Oakland Park Middle Schoolers are temporarily attending neighboring schools while work begins at James S. Rickards Middle school. In March of 2020, the school suffered a devastating roof collapse in the media center. The room was not occupied at the time, and the county reported no severe injuries.
The cause of the collapse is currently under investigation. While a water leak is suspected, it is essential to note that four different schools have the same building design. Plantation Middle, Apollo Middle, Lauderhill 6-12, and Rickards were all built in the 1960s. In 1979, the roof of the media center at Apollo Middle collapsed after a rainstorm. The roofs at these schools are flat and there is a tendency for water to pool rather than run off. As a result, flat roofs generally have more problems than pitched roofs. Not surprisingly flat roofs are less expensive to than pitched roofs.
After the collapse, several options for the 2021-22 school year were presented to the School Board. One of the options was to send the eighth graders to neighboring Northeast High School and split the others up amongst other middle schools such as Pembroke Pines Middle for the duration of the construction. The other option was to install portables on campus so the students would not have to be displaced. The School Board voted in favor of the portables and this was a big win for Rickards’ students and their families.
The portables will be paid for with capital reserves, money which the district puts aside for future construction and major repairs. However, since the vote came late in the summer, July 30th to be exact, they will not be in place the first semester and are expected to be in place after winter break. They are a temporary measure and are expected to be in placed during the inspections, repair and construction of the new buildings.
Since the portables were voted in late in the summer, the school year did not start off as usual.
While the portables are put in place, the students are attending the following schools:
In addition to the unusual start, some parents and students reported significant confusion with transportation the first few days. “The first day was good. The second day the bus driver had to double up because of the shortage”, commented parent Sherry Baker Grudzien in the Living in Oakland Park Facebook group. The shortage of bus drivers has been nationwide. Another parent reported that her child’s bus was 40 minutes late and dropped her child off at the wrong location.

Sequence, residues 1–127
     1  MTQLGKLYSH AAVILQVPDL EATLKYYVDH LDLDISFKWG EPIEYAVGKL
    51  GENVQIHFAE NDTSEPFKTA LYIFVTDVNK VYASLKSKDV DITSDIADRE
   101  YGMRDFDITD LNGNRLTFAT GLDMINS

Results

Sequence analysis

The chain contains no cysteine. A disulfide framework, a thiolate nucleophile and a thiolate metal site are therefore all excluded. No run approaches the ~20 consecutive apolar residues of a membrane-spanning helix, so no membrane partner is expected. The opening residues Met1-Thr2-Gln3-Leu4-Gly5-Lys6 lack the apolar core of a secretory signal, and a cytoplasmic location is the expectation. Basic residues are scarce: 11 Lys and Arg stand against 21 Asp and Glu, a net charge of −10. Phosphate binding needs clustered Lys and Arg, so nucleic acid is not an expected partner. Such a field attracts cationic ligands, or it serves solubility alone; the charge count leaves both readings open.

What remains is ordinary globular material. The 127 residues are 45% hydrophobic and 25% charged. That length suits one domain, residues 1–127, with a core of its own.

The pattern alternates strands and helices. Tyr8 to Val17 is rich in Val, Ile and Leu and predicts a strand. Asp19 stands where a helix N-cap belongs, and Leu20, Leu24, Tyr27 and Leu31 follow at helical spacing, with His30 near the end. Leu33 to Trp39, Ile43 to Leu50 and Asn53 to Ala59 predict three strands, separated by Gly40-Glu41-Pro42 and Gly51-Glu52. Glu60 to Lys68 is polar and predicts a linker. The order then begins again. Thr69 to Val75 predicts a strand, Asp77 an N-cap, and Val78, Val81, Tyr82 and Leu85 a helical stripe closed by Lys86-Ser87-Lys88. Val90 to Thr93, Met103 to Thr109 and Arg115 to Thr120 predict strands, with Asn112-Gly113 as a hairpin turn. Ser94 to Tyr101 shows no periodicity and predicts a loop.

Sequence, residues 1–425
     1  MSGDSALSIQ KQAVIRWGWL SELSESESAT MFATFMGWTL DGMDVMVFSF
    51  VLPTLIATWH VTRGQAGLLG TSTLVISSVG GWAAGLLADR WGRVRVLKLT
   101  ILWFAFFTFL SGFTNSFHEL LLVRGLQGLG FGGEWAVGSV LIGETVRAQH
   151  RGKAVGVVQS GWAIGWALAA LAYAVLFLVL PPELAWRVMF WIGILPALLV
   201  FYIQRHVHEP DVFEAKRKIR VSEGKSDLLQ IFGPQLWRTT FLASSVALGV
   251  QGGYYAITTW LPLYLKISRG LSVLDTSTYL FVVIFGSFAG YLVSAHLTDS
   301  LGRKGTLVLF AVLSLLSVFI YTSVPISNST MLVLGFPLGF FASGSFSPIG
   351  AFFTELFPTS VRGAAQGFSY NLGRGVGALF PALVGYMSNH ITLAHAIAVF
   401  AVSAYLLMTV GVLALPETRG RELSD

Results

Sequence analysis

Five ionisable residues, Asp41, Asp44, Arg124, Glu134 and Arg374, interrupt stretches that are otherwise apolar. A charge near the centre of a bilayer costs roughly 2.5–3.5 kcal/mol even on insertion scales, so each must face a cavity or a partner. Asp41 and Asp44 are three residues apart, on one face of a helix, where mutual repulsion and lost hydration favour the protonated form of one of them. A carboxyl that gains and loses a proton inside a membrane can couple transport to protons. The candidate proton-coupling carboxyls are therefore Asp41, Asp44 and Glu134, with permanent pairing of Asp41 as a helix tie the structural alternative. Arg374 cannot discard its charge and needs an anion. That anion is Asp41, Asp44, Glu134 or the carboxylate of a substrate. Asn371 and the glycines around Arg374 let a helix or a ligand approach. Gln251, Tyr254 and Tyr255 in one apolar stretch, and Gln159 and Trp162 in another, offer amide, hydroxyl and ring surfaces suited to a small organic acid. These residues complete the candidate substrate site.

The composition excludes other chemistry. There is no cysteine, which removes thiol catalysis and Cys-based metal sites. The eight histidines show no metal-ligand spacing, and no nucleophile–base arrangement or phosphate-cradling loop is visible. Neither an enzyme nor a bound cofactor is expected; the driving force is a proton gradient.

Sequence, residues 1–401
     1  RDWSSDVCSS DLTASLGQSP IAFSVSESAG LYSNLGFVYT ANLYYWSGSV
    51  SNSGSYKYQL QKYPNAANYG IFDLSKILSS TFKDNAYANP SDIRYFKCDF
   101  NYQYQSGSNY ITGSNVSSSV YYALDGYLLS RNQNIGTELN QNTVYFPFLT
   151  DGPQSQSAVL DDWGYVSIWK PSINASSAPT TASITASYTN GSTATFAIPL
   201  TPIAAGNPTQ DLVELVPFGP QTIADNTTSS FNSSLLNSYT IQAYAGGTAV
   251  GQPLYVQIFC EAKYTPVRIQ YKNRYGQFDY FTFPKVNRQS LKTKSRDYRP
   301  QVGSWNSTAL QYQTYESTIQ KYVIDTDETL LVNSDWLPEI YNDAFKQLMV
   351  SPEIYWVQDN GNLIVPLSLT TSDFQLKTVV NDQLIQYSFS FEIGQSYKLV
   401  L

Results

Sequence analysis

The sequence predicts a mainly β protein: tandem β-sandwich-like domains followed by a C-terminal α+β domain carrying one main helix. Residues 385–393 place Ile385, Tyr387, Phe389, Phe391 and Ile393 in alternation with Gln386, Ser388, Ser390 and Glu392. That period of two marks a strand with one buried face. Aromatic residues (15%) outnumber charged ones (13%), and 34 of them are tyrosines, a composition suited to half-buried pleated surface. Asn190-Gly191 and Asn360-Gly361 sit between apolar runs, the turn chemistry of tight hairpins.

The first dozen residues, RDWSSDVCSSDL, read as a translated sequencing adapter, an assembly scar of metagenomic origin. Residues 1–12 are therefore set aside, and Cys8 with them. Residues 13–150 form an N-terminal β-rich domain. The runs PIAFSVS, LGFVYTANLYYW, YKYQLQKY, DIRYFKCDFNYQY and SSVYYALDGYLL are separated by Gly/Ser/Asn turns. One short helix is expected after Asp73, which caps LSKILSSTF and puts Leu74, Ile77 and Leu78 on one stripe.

Parent Robyn Marie Escobedo commented, “This is only temporary. Although it’s upsetting, they’re doing their best to make sure the students feel comfortable in an unknown environment.”
The portables will remain in place for at least three years. The total project costs $8.8 million dollars. Roughly $3 million will go to the portables themselves, approximately $1 million will go towards IT, and the rest will be spent on electrical and engineering. The likelihood of students moving into the portables after winter break are “very good,” according to Frank Girardi, Executive Director of Capital Programs.
In March, internal and external investigations were said to begin regarding the cause of the collapse. While Apollo Middle’s roof collapsed during a storm, Rickards was on a clear afternoon and the roof had recently been replaced.
Teachers, parents, and students spoke about poor conditions at the school for years, including mold and mildew. The Rickards roof collapse has become a significant setback in the district’s effort to make good on the $800 million bond passed in 2014. So far, most of the projects have gone undone, with just 20 of the schools out of 238 completed.
Parents and students are trying to remain positive on the heels of a very tough year for many in the community. It is unclear if the displaced students can join clubs and sports at their temporary schools or will wait until after the winter break to resume normal activities at their home school.
If your child attends Rickards, be sure to share your thoughts with us in the comments section below.
Rhiannon Samoyedny was born and raised in South Florida. She has lived in Oakland Park for over 25 years and purchased her home in Garden Acres in 2012 where she resides with her husband, two teenaged boys, a few rescue cats, and her dog.
Her professional career began as a project manager and estimator for a small Oakland Park construction company and she later went on to earn her degree in Court Reporting, where she later incorporated her own small business RS Reporting, Inc.
She has a passion for gardening and attends many horticulture classes and workshops. She is also an LGA (Local Government Academy) graduate, class of 2019, and an active community volunteer and activist. You can usually find her around town at various Oakland Park meetings and events with her notebook, so be sure to say hello.